Paget's disease of the bone is a disorder characterized by abnormal breakdown and formation of bone tissue. The cause is believed to be either viral or genetic in origin. Most of the time, patients are asymptomatic. Diagnosis is supported by findings from multiple modalities including serum markers, imaging, bone scans, and histology. We present a rare case of Paget's disease of the bone involving the frontal sinus. We review the relevant clinical, diagnostic, and histological findings. We also suggest indications for the management of monostotic Paget’s disease of the frontal sinus.

1. Introduction

Paget’s disease of the bone (PDB), first described in 1877 by the English surgeon Sir James Paget, has been defined as a disorder of bone remodeling. Characteristically, PDB begins with accelerated bone resorption followed by compensatory bone formation leaving behind a structurally disorganized bone matrix. The disease is most prevalent in western Europe, where it affects more men than women (1.8 : 1) and it is most commonly diagnosed after the fifth decade of life [1].

The diagnosis of PDB can be made based on multiple modalities including elevated serum alkaline phosphatase, urinary markers, radiologic findings, radionuclide bone scans, and pathology. PDB involves a single bone (monostotic) in 10–35% of cases, but a multifocal (polyostotic) presentation affecting 2 or more bones is more common. Although the disease can affect any bone in the body, PDB has a predilection for the axial skeleton with skull involvement being the fifth in order of frequency [1]. We report an extremely rare case of PDB of the frontal sinus.

2. Case Report

A 39-year-old female was seen in consultation after having presented to the emergency department with complaints of left-sided headache and left facial paresthesias. A head computed tomography (CT) scan revealed an osseous mass in the left frontal and anterior ethmoid sinus extending into the right frontal sinus (Figures 1 and 2). An MRI of the brain identified a left-sided frontal sinus tumor that was benign in appearance and of bone origin (Figure 3). Radiologic impression was a fibro-osseous lesion either representing a fibrous dysplasia or an atypical osteoma. On examination, the patient had no facial asymmetry with no facial nerve dysfunction and she reported some paresthesias on the left side on sensory exam in the V1 distribution. Flexible nasal endoscopy was normal on the right and showed a slightly irregular edematous mucosa in the left superoanterior surface of the bulla ethmoidalis. A specific mass was not identified.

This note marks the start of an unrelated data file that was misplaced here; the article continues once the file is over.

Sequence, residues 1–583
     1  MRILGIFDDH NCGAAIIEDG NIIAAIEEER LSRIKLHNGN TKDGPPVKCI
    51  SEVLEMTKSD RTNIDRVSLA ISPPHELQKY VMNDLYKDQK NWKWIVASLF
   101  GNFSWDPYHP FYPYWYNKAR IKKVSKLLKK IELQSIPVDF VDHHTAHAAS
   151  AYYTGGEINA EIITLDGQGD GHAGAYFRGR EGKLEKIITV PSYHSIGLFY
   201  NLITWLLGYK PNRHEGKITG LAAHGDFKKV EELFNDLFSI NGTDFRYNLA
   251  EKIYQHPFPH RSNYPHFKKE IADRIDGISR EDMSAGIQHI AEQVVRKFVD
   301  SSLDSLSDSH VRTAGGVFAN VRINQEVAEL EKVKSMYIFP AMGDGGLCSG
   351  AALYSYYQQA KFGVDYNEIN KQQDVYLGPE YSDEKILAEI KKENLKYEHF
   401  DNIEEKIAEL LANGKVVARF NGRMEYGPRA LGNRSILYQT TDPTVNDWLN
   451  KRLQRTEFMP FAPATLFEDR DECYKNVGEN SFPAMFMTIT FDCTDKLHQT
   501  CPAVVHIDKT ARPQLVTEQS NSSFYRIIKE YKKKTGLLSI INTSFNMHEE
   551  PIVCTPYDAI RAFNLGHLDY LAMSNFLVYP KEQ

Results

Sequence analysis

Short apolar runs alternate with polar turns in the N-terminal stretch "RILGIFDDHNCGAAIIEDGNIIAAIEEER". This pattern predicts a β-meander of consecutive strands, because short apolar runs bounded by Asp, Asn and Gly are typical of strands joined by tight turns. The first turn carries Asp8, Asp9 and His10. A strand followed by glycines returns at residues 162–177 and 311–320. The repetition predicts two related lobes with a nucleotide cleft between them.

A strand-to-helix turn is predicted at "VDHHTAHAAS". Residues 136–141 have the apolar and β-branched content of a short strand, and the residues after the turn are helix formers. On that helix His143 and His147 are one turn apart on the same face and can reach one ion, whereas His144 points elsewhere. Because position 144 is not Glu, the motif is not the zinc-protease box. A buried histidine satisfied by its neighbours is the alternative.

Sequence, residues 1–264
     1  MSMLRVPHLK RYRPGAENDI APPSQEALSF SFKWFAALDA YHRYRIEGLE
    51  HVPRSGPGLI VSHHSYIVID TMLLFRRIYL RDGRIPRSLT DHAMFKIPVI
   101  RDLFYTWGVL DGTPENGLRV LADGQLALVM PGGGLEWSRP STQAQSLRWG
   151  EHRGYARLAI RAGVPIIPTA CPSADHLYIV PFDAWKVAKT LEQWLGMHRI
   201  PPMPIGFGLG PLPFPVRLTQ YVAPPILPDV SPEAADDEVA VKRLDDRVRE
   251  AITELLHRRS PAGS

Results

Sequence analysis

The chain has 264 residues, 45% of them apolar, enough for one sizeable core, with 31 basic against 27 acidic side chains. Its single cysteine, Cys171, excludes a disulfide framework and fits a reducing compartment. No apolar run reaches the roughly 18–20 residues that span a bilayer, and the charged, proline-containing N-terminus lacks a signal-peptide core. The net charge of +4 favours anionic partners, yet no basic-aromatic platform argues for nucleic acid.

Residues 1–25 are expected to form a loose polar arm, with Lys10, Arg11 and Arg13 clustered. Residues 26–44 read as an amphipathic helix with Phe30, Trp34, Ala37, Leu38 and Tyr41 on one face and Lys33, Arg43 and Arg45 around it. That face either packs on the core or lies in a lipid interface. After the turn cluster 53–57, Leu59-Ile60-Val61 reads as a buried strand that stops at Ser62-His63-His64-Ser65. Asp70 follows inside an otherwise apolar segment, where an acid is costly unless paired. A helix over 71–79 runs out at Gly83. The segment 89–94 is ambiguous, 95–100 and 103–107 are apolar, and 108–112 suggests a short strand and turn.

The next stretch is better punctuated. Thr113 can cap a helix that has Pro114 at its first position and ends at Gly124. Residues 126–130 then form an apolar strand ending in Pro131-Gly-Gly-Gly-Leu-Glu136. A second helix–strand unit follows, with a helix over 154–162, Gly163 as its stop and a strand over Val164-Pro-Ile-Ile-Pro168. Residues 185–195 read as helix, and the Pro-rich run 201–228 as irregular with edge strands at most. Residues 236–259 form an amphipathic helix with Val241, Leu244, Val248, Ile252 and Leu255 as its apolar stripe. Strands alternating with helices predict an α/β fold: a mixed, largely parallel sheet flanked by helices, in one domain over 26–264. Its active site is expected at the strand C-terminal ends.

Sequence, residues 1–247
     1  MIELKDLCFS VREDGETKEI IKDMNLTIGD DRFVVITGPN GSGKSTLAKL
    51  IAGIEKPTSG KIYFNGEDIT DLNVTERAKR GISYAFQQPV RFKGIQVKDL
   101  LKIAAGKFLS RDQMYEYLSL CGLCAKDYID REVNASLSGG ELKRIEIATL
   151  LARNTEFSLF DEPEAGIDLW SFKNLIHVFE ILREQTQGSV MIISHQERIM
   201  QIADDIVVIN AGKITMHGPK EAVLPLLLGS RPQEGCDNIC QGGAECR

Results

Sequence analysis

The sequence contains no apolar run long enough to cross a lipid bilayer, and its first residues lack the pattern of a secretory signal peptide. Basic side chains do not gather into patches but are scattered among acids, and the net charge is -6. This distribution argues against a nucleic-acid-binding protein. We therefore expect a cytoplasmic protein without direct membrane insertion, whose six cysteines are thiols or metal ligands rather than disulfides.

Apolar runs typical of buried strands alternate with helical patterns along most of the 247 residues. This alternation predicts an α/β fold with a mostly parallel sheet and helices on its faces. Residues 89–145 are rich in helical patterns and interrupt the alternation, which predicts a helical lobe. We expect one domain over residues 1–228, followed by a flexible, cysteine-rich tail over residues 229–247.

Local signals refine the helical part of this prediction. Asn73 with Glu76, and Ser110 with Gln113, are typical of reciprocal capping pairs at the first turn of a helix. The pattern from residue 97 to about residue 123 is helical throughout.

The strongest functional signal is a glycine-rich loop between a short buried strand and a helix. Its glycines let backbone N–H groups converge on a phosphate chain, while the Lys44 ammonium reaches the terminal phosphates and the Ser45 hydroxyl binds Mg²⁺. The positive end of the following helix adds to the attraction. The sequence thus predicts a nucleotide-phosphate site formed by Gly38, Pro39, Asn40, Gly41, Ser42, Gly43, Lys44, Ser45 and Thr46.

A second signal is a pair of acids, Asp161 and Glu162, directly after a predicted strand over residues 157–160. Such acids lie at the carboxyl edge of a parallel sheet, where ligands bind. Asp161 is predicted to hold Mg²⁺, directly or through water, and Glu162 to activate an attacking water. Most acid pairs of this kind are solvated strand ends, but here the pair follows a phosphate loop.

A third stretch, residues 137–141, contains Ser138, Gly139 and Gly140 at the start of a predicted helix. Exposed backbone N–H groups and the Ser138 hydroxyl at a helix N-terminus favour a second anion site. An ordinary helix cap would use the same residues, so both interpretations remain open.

The patient had undergone an incomplete endoscopic resection of the osseous lesion one year previously due to an inability to address the posterior attachment of the lesion to the skull base. Furthermore, the specimen from that procedure did not provide a pathologic diagnosis. Nonetheless, the patient’s headache did improve for several months following that procedure. However, by the time of presentation now, she had six months of progressively worsening left-sided headache despite both topical and systemic treatments for sinus disease and medical management for her headaches.

The patient was ordered a CT scan of the paranasal sinuses that showed significant interval growth of the osseous mass since the scan prior to her endoscopic procedure. The mass now crossed the midline into the right frontoethmoidal recess. Given the inability to attain symptom control with medical treatment for this patient, surgical options were considered. After discussing the surgical options, the patient consented to proceed with an open bicoronal osteoplastic flap approach to the frontal sinus in order to access the full extent of the lesion bilaterally and remove it from its extensive attachment to the anterior skull base. This was completed without CSF leak or other complications. The patient was hospitalized for one night and was discharged the following day. She had immediate relief from her longstanding left frontal headache. Pathologic analysis of the specimen was completed and it revealed a bone tumor with a histological appearance consistent with PDB. Both burnt-out and focally active forms of PDB were identified (Figures 4 and 5).

Postoperatively, the patient did extremely well with complete resolution of her symptoms. Given the pathologic diagnosis, she was referred to a rheumatologist for further evaluation for PDB. A whole-body bone scan with (single-photon emission computed tomography) SPECT demonstrated abnormal bony uptake in the left frontal bone in keeping with postsurgical changes (Figure 6). An alkaline phosphatase level was drawn and it was within normal limits. The staff rheumatologist’s impression was monostotic PDB of the skull inactive and no additional therapy was indicated. The patient is now 8 months postoperatively and symptom free. There were no long-term sequelae from the bicoronal approach and osteoplastic flap.